BBC NEWS Americas Africa Europe Middle East South Asia Asia Pacific Arabic Spanish Russian Chinese Welsh

 You are in: Entertainment
Front Page 
UK Politics 
TV and Radio 
New Media 
Talking Point 
In Depth 

Commonwealth Games 2002

BBC Sport

BBC Weather

Thursday, 4 January, 2001, 00:02 GMT
Whitbread winners square up
Matthew Kneale and Zadie Smith
Matthew Kneale and Zadie Smith go head-to-head
Novelists Matthew Kneale and Zadie Smith have won two of the coveted Whitbread Book Awards and are shortlisted for the overall Whitbread Book of the Year.

Kneale, 40, who was also shortlisted for the prestigious Booker Prize, has won the Whitbread Novel Award for his fourth work, English Passengers.

Smith wins the Whitbread First Novel Award for White Teeth.

Whitbread winners
Novel Award: Matthew Kneale - English Passengers
Poetry Award: John Burnside - The Asylum Dance
First Novel Award: Zadie Smith - White Teeth
Biography Award: Lorna Sage - Bad Blood: A Memoir

The other category winners are Lorna Sage, who won the Biography Award, and John Burnside, who picks up the Poetry Award, won last year by Ted Hughes. All four receive a cash prize of 3,500.

Each goes forward to compete for the main title of Book of the Year - and the 22,500 prize money - to be announced later this month.

The Whitbread Book Awards aim to celebrate and promote the best of contemporary British writing.

Kneale's book English Passengers beat 105 novels, including those of Will Self and fellow Booker-nominee Kazuo Ishiguro.

John Burnside
John Burnside follows Seamus Heaney and Ted Hughes

It follows the story of Reverend Geoffrey Wilson on his quest to discover the Garden of Eden on the island of Tasmania in 1857.

The book's success follows in the footsteps of the author's three previous works Whore Banquets, winner of the 1987 Somerset Maugham Award - Inside Rose's Kingdom and Sweet Thames, which won the 1992 Llewellyn Rhys Prize.

Cambridge graduate Zadie Smith, 25, has had a glowing first year as a published writer.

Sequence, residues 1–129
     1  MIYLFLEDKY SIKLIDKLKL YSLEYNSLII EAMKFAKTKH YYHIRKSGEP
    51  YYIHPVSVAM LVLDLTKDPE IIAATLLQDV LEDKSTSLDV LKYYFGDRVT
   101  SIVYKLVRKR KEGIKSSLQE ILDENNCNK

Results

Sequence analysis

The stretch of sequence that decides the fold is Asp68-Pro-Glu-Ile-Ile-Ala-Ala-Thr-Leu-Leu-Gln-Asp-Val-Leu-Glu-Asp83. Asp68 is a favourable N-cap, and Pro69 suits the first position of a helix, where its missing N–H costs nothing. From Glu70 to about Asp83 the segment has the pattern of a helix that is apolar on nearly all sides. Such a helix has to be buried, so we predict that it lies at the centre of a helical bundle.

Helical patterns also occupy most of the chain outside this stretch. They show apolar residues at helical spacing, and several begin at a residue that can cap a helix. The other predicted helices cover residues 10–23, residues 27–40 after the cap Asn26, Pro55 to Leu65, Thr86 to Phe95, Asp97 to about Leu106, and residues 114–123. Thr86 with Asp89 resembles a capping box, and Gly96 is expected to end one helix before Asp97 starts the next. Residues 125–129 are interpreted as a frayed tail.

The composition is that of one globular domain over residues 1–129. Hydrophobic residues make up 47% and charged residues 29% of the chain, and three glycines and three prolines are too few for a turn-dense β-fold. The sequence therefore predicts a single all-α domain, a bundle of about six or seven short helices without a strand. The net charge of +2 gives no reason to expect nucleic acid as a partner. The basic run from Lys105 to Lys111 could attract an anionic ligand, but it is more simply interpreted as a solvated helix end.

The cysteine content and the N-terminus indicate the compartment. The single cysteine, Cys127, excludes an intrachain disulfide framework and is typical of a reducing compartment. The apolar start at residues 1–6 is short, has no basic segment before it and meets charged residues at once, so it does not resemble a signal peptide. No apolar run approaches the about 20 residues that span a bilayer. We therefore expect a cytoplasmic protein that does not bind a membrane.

Her debut novel White Teeth has already won the Guardian First Book Award and was on the shortlist for the Orange Prize last June.

Set at the end of the 20th Century against the multi-cultural landscape of London, the book chronicles the lives and loves of the Joneses, the Iqbals and the Chalfens.

Smith wrote White Teeth at the relatively tender age of 23.

Lorna Sage
Lorna Sage's life story is described as 'exquisite'

She described her work as "the literary equivalent of a hyperactive, ginger-haired tap-dancing 10-year-old".

In the poetry category, John Burnside's win comes after a prolonged period in which poets Ted Hughes and Seamus Heaney dominated the Whitbread awards.

They won the previous three Book Of The Year titles. Hughes won in 1999 with Birthday Letters and 1998 with Tales From Ovid, while Heaney won the year before that with The Spirit Level.

Burnside's winning collection The Asylum Dance is his seventh, although he is also known for his two novels The Dumb House and The Mercy Boys. The Scot, who lives in Fife, is also writer-in-residence at Dundee University.

Burnside, 46, told BBC News Online he was "hugely honoured to follow Heaney and Hughes - two of the most important poets of the last century".

Asked why he thought The Asylum Dance had won, Burnside added: "I deal with a lot of issues such as man's relationship with the planet which I hope have a broad appeal among many readers."

Penny Smith
Broadcaster Penny Smith is one of nine judges

Lorna Sage's Bad Blood: A Memoir tells the tragic but comic story of her extraordinary family life in bleak, post-war Britain.

Judges described 57-year-old Sage's book as an "exquisite personal memoir and vital piece of our collective past".

There will be a fifth entrant for the overall Book of the Year title when the winner of the Whitbread Children's Book of the Year prize is awarded later this month.

Four authors have been shortlisted - but not Harry Potter writer JK Rowling, who won the category last year.

David Almond, who won the prize in 1998, is in the running with Heaven Eyes. He is up against Kevin Crossley-Holland for The Seeing Stone, Adele Geras for Troy and Jamila Gavin for Coram Boy.

The winners of the Book Of The Year and Whitbread Children's Book of Year will be chosen by a panel of nine judges.

David Almond's Heaven Eyes
David Almond's Heaven Eyes could lead to a second children's prize

They include chairman Sir Tim Rice, writer Sally Beauman, comedian and actor Alan Davies and broadcaster Penny Smith.

The winners will be announced on 23 January at a dinner in Whitbread's London headquarters and broadcast live on BBC Two.

The Whitbread awards are now in their 30th year, although the Book of the Year category was not introduced until 1985.

See also:

04 Jan 01 | Entertainment
Whitbread winners profiled
04 Jan 01 | Entertainment
Whitbread 2000: The Reviews
15 Dec 00 | Entertainment
Rower Pinsent to judge book prize
07 Dec 00 | Entertainment
Smith takes first book prize
07 Nov 00 | Entertainment
Atwood wins Booker Prize
25 Jan 00 | Northern Ireland
Heaney wins Whitbread book prize
06 Nov 00 | Entertainment
Booker outsiders eye prize
06 Nov 00 | Entertainment
Booker Prize 2000: The Reviews
Internet links:

The BBC is not responsible for the content of external internet sites

Links to more Entertainment stories are at the foot of the page.

E-mail this story to a friend

Links to more Entertainment stories